When the Happy Ending Hasn’t Happened—Yet

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“When the Happy Ending Hasn’t Happened—Yet,” Ensign, Feb. 1993, 51

When the Happy Ending Hasn’t Happened—Yet

Our son chose a different course than we wanted for him, but we have learned to love him just the same.

His name is Kevin.* He is a brilliant, loving son, but he has long been inactive—even angry with the Church. It wasn’t always so. Once he was as typical a Latter-day Saint boy as could be found in any Primary class. His schoolteachers told us what a bright, promising child he was. We were certain he would continue on the path to Eagle Scout, missionary, temple marriage, and Church service his whole life.

As parents, we were doing all the things we knew to raise a righteous family. We paid our tithes and offerings, held family home evenings, and lived the commandments in our ordinary way. For many years, all seemed to be going just as planned. We were secure in our expectation that if we loved our children enough, they would not go astray. We would be united forever, marching right into the celestial kingdom with hardly a hitch in our eternal progress.

We were not aware of how things were going sour with Kevin—partly because of the times. It was the late sixties, and the drug culture was so new we just didn’t discern what with hindsight was so obvious. He first started using drugs in his early teens, and we had no inkling of what was going on. Most of his friends were active in the Church, and all went to meetings and Scout activities.

But Kevin became increasingly difficult for us, not coming home when he said he would, sometimes not at all. He found new friends who looked repulsive to us, and we were frightened to have our daughters at home alone when they came over.

Gradually, it occurred to me that Kevin was involved in drugs, and for the first time in our marriage, my husband and I had serious disagreements we couldn’t resolve. John felt I was exaggerating the behaviors he often wasn’t home to see. He felt Kevin was just having a tough time going through his teens, and if we gave him enough space and love, our son would be just fine. We both knew plenty of young men who had strayed a little during their teens and had come back.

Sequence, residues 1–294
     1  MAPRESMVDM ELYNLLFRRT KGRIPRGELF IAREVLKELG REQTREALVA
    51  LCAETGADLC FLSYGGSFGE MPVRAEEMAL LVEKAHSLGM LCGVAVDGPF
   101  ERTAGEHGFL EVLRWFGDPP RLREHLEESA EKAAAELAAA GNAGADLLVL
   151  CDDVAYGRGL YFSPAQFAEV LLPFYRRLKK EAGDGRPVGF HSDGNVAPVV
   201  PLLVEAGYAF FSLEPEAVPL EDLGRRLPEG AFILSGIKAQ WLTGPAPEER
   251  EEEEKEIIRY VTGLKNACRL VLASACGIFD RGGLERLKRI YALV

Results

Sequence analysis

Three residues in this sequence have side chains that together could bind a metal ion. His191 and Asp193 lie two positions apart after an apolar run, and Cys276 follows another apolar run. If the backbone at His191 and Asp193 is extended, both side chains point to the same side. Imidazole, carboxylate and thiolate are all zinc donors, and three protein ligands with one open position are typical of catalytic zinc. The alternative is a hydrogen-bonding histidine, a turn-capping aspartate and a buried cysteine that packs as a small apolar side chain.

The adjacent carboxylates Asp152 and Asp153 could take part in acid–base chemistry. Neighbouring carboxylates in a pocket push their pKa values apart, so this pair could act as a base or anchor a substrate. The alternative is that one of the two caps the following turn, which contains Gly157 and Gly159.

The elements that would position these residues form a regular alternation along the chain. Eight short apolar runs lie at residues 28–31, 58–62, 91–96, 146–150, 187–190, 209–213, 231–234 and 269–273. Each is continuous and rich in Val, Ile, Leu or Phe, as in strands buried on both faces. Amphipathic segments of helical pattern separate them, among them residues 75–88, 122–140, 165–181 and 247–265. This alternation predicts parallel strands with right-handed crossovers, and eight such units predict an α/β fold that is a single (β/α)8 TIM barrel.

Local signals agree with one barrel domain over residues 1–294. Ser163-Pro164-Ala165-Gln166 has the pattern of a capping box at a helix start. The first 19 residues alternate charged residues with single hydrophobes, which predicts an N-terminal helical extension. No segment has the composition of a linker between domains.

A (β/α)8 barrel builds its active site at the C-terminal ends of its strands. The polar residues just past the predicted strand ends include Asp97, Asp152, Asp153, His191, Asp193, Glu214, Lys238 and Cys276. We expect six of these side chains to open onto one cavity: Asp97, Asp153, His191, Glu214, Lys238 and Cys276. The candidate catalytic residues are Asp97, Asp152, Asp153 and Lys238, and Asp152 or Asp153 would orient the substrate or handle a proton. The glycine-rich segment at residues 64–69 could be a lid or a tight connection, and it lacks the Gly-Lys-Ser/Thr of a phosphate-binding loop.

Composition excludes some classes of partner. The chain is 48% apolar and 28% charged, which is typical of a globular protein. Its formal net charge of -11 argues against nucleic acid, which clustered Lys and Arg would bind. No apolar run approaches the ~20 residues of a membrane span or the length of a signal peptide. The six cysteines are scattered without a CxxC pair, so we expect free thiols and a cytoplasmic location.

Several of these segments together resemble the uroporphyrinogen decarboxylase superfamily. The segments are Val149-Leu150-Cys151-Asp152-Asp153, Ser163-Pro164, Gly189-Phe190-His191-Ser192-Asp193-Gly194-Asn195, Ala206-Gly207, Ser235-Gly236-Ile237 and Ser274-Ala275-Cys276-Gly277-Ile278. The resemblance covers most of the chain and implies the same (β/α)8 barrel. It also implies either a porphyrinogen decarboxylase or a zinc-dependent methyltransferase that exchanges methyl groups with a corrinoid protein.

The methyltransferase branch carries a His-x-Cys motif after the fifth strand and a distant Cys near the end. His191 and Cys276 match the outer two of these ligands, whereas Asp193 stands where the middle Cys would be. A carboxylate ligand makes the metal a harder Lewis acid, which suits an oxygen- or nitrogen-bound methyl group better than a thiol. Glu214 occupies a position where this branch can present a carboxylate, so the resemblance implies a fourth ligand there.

Those reassurances made us both feel better for a time, but Kevin’s bad behaviors escalated. He lied more than he told the truth. He refused to attend church. He was surly, and whenever he came into the house, he would immediately slip into his room, often staying there for hours.

We had always operated on trust in our home. We didn’t inspect our children’s bureau drawers or read their diaries, and we felt our system worked very well. Finally, I decided to do what I had always considered a violation of the trust we had prided ourselves on—I searched Kevin’s room for what I knew I would find there. It didn’t take long. He hadn’t even bothered to hide it well. There were several small bags of marijuana in the clothes he hung in the closet. Ironically, most were in his Sunday suit.

It was a bitter afternoon for me, and it was almost more than John could bear. But for the first time, we were both facing the same reality. We decided that if it were some dread disease Kevin had, we would spare nothing to see that he got help, even if it meant spending our last dime. But even greater than the financial challenge was the process of coming to terms with our beloved child’s drug abuse.

First of all, we had to deal with our own pride. We didn’t want anyone to know about Kevin’s drug problem. We both had ward callings, and we debated about whether to ask the bishop for releases. We didn’t feel worthy to serve the Lord when we felt we had failed our first responsibility, rearing a family. We were not aware of community resources, and being so deeply ashamed, we resisted some of the most obvious helps.

Our first resource was prayer, and from our desperate, heartbroken pleadings came help from many directions. Our bishop reassured us of our worth in our Church callings. Kevin’s quorum leaders never gave up on him, and though he often refused to participate in activities specifically tailored to his interests, he occasionally surprised us all and took part.